Built 15 years ago, the city of Miami’s Oak Avenue parking garage was meant to bolster surrounding Coconut Grove businesses, but as the village went into a long decline, half its 402 spaces sat unused most days.
Now, amid a roaring Grove revival that’s drawing crowds of workers, visitors and customers to new offices, shops and restaurants — and boosting demand for parking — an unusual decision by the city parking authority to sell the publicly owned garage to a developer is raising a ruckus among some of its neighbors, who question why the agency would unload a valuable public asset just as it seems to be most needed.
Even though the sale has not closed, the Miami Parking Authority, which has never before sold one of its garages, last month abruptly shut the Oak Avenue facility to all but monthly users, contradicting public assurances by its officials and the buyer, developer David Martin, that it would remain open for daily public use.
“This whole things stinks,” said Robert Levine, an attorney who says he just spent millions of dollars to convert a long-abandoned restaurant site into a gleaming, environmentally friendly legal- and conflict-resolution center in part because of the availability of affordable public parking next door for his clients and visitors. “This is a complete breach of the public trust. Everyone up and down the street is infuriated.”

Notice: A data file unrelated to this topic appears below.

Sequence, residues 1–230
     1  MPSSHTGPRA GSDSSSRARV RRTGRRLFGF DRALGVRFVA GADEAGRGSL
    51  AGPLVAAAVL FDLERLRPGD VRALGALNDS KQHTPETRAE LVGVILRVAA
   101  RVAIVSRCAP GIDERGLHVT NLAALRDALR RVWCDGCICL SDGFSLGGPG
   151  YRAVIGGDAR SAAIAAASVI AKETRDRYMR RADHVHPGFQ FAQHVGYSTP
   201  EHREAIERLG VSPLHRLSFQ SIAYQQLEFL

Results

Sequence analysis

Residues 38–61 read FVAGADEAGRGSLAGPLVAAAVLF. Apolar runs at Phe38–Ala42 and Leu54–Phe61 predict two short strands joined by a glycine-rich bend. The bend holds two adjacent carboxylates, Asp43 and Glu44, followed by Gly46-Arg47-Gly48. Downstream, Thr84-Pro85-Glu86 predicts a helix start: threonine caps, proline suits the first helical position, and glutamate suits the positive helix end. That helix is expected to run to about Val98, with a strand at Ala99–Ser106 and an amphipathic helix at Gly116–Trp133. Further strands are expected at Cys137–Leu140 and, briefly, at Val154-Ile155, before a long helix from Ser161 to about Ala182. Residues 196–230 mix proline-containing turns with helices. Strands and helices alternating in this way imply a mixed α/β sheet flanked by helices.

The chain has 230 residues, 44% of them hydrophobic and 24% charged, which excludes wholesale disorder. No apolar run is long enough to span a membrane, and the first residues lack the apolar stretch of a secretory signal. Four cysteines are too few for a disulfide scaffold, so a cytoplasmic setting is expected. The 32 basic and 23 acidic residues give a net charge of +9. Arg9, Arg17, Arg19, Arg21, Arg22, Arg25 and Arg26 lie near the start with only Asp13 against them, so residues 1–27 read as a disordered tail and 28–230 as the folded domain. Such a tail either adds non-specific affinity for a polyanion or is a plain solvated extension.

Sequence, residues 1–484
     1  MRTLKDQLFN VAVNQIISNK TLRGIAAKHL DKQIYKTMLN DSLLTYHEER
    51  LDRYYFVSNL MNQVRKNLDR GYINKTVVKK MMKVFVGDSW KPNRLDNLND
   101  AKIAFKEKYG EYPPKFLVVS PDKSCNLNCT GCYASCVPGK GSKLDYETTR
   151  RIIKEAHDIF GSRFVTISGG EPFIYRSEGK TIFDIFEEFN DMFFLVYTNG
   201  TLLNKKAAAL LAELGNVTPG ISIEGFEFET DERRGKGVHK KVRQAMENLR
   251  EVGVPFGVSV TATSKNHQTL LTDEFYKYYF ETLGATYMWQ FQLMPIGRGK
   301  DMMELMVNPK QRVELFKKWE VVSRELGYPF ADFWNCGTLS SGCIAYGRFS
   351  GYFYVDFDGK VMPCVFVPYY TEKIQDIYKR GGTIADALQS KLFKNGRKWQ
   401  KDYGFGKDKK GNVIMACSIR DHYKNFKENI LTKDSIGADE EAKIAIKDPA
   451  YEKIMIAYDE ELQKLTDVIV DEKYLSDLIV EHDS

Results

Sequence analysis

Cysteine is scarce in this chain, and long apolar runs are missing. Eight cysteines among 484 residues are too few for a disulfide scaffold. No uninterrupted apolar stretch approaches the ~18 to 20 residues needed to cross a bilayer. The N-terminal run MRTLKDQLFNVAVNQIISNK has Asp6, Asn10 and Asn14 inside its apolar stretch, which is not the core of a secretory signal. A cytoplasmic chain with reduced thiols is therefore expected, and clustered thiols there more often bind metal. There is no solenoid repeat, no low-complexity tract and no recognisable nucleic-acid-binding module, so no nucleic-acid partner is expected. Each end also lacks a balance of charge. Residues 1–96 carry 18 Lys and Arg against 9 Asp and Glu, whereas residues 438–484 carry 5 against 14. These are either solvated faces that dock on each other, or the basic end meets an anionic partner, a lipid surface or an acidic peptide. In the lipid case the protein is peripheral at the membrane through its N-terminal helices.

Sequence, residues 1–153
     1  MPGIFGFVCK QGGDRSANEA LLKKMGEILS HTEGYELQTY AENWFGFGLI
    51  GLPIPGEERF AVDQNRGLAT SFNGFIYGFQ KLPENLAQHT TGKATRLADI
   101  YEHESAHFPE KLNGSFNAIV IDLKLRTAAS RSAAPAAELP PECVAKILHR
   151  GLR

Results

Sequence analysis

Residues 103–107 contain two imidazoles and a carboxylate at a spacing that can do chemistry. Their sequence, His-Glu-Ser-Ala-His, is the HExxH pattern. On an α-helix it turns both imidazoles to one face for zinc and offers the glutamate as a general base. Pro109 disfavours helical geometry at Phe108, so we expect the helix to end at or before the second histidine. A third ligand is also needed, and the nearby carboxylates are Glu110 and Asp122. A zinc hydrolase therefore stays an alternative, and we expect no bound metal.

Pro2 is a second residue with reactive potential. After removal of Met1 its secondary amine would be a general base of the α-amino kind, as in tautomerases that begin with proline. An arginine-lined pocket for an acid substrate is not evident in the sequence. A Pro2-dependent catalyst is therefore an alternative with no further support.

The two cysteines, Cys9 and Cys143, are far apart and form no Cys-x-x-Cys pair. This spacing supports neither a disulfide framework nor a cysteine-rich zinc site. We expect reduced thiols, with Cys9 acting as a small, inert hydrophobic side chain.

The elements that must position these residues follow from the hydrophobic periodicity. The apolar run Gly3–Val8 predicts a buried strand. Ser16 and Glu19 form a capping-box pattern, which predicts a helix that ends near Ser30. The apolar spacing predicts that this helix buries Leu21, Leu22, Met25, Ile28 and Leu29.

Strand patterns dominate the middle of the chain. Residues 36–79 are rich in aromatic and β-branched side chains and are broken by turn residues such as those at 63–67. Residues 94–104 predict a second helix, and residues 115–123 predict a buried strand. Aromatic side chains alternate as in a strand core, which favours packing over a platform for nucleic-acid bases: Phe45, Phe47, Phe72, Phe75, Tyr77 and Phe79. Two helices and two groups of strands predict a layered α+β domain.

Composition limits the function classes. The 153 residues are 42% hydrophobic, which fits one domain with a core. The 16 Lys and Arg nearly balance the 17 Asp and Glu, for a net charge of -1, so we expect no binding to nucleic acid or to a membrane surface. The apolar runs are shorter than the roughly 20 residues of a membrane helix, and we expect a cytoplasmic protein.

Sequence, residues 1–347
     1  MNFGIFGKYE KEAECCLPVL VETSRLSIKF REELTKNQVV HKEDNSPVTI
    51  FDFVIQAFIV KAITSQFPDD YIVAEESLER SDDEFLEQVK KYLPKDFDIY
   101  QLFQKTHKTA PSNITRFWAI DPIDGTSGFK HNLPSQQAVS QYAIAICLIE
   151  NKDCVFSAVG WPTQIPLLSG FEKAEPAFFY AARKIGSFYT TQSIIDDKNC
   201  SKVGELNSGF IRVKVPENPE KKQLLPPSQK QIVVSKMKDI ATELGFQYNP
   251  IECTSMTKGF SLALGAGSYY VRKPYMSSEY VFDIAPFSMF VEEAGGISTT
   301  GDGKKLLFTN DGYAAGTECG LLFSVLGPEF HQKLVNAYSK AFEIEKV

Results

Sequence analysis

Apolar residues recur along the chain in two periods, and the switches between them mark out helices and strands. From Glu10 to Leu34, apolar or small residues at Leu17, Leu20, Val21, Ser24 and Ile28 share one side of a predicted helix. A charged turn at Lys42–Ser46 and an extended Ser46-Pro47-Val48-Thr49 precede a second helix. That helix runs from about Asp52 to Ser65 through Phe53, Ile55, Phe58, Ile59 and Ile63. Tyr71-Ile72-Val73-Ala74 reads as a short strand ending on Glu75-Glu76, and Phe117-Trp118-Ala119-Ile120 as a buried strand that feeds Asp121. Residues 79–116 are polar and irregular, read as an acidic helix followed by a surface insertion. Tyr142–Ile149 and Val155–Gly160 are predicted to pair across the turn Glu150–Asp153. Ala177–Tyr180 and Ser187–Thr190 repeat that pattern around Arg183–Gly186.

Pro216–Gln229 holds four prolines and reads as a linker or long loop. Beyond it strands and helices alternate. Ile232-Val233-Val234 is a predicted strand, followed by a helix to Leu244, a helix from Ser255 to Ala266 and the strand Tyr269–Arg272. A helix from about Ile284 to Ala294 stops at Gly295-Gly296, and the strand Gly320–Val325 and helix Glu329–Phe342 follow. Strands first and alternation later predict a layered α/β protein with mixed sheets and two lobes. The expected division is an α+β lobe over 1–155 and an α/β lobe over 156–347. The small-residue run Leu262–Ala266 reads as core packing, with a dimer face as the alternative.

Facing an outcry, the MPA is now saying that the garage will be reopened for public use and called the closure “a mistake.” But its chief executive, Art Noriega, also said there is no written guarantee from Martin to that effect, and he added that he doesn’t intend to seek one.
“He is overpaying for the garage,” Noriega said. “It doesn’t make sense to put that restriction on him.”
The mostly autonomous parking authority struck a deal this summer to sell the garage for $16 million to Martin’s Terra Development, which is building two massive uber-luxury condo projects in the Grove, including a three-tower complex across the street from the garage, on the site of the Coconut Grove Bank.
The sale agreement, which though advertised and discussed in public meetings went almost publicly unnoticed, came after what Noriega says was an unsolicited offer from Martin. The authority then publicly solicited bids, but discarded two slightly higher offers from Martin’s competitors because, Noriega said, they could not match Terra’s financials.
“The sale numbers are practically the same,” Noriega said. “David came to us first. So I told my board, ‘I’m recommending Terra because I think it’s just the right thing to do.’”